(Bagenstos claims the statute’s tax-credit-eligibility provisions use the phrase “established by the State under section 1311” only twice. He neglects to mention: how the eligibility provisions refer to those limiting phrases an additional five times; that there is no language contradicting or creating any ambiguity about the limitation they create; and that the statute also restricts its “cost-sharing subsidies” to situations where “a credit is allowed” under those eligibility rules. At the risk of repeating myself, the eligibility rules for the credits and subsidies are so tightly worded, they seem designed to prevent precisely what the IRS is trying to do.)

Bagenstos correctly notes that Section 1321 directs the federal government to create Exchanges within states that fail to create their own. Like others before him, he takes that directive to mean that the phrase “established by the State under section 1311” in fact ”does not have the exclusionary meaning” you might think. The statute authorizes tax credits through federal Exchanges, he argues, because federal Exchanges are ”established by the State under section 1311.” The federal government, it turns out, can establish an Exchange that is established by a state.

Like others before him, Bagenstos finesses the absurdity of that claim by arguing that Section 1321 provides that a federal Exchange ”will stand in the shoes of a state-operated exchange.” So far as I can tell, the “stand in the shoes” trope was first advanced by Judy Solomon of the Center for Budget and Policy Priorities. It is based on a 180-degree misreading of Section 1321. If a state chooses not to dance, Section 1321 doesn’t instruct the federal government to step inside (read: commandeer) the state’s dancing shoes. It directs the federal government put on its own dancing shoes, and to follow all the dance steps listed in Title I. Since the language restricting tax credits to state-created Exchanges appears in—you guessed it—Title I, federal Exchanges are bound by that restriction.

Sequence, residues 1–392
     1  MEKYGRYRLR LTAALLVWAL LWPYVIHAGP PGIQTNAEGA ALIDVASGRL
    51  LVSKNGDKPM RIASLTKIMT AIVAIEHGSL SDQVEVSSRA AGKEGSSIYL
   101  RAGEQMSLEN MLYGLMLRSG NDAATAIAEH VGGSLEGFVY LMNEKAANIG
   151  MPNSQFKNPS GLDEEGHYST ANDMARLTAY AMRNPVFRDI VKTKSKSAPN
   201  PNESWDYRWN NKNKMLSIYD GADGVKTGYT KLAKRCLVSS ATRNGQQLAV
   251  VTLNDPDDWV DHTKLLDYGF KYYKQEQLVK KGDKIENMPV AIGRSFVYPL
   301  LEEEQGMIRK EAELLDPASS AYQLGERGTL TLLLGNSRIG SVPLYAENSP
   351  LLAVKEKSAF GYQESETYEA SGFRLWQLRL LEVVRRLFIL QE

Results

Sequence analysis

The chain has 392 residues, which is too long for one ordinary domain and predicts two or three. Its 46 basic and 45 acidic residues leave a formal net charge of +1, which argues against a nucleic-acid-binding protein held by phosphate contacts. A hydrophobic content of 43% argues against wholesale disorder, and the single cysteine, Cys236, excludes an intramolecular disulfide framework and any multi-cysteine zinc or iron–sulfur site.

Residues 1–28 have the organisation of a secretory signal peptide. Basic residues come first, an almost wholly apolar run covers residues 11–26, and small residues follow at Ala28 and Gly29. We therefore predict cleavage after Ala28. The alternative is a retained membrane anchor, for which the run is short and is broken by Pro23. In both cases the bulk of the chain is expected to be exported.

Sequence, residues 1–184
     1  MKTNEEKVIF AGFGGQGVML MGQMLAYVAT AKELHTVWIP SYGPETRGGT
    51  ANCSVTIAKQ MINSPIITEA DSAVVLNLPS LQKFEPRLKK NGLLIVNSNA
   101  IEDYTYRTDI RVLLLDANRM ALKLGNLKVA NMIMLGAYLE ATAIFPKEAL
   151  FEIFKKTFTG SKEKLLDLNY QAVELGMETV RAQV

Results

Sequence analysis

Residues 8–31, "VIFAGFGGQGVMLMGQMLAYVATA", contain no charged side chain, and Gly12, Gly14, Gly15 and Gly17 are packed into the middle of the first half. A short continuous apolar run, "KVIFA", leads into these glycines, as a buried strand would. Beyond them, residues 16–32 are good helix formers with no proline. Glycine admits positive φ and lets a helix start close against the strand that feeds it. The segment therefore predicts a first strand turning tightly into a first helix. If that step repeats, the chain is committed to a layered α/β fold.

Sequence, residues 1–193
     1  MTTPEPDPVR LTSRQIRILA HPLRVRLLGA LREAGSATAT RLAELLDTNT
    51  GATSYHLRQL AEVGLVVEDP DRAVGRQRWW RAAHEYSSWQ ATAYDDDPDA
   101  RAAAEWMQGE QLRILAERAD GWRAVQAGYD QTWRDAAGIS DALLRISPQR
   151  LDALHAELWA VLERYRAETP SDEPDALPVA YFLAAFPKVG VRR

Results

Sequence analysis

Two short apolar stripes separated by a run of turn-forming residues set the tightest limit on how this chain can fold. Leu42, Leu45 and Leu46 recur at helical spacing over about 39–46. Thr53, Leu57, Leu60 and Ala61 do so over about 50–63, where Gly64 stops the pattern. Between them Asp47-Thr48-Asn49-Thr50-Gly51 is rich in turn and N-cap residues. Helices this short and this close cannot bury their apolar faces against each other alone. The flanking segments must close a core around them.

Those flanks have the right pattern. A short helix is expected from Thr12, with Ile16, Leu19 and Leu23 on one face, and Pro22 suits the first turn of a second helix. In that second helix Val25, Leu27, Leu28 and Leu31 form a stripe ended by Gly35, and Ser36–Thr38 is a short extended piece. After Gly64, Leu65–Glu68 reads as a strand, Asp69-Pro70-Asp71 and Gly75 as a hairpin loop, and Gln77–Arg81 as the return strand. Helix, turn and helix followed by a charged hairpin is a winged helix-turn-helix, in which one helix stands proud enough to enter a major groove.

Bagenstos’s second argument is that since it was not necessary for Congress to restrict tax credits to state-created Exchanges to overcome the “commandeering problem,” the statute does not do so. But that’s a non sequitur. Just because Congress didn’t have to do something doesn’t mean Congress didn’t do it. The express language of the statute says Congress did it.

Bagenstos’s third argument is that because the Senate Finance Committee didn’t have to restrict tax credits to state-created Exchanges in order to have jurisdiction to direct states to create them, the Committee-approved language—which is now law—must not do so. Again, that’s a non sequitur. And not only does the express language of the statute impose that restriction, but Senate Finance Committee chairman Max Baucus (D-MT) admitted that’s what he was doing.

Along the way, Bagenstos contradicts himself, Baucus, and Timothy Jost by categorically claiming, “Nor is there any reason to think that Congress would have intended to treat participants in state- and federally-operated exchanges differently,” while conceding the commandeering problem and the Finance Committee’s limited jurisdiction are two reasons why Congress might have intended to do so.

Bagenstos’s interpretation of the statute violates the “mere surplusage” canon of statutory interpretation. It violates the expressio unius est exclusio alterius canon of statutory interpretation. It violates common sense.

Like others before him, Bagenstos offers no rebuttal to Baucus’s admission that the  statute means exactly what it says, and nothing whatsoever from the legislative history that supports the IRS’s attempt to violate the express language of the statute by imposing taxes that Congress never authorized.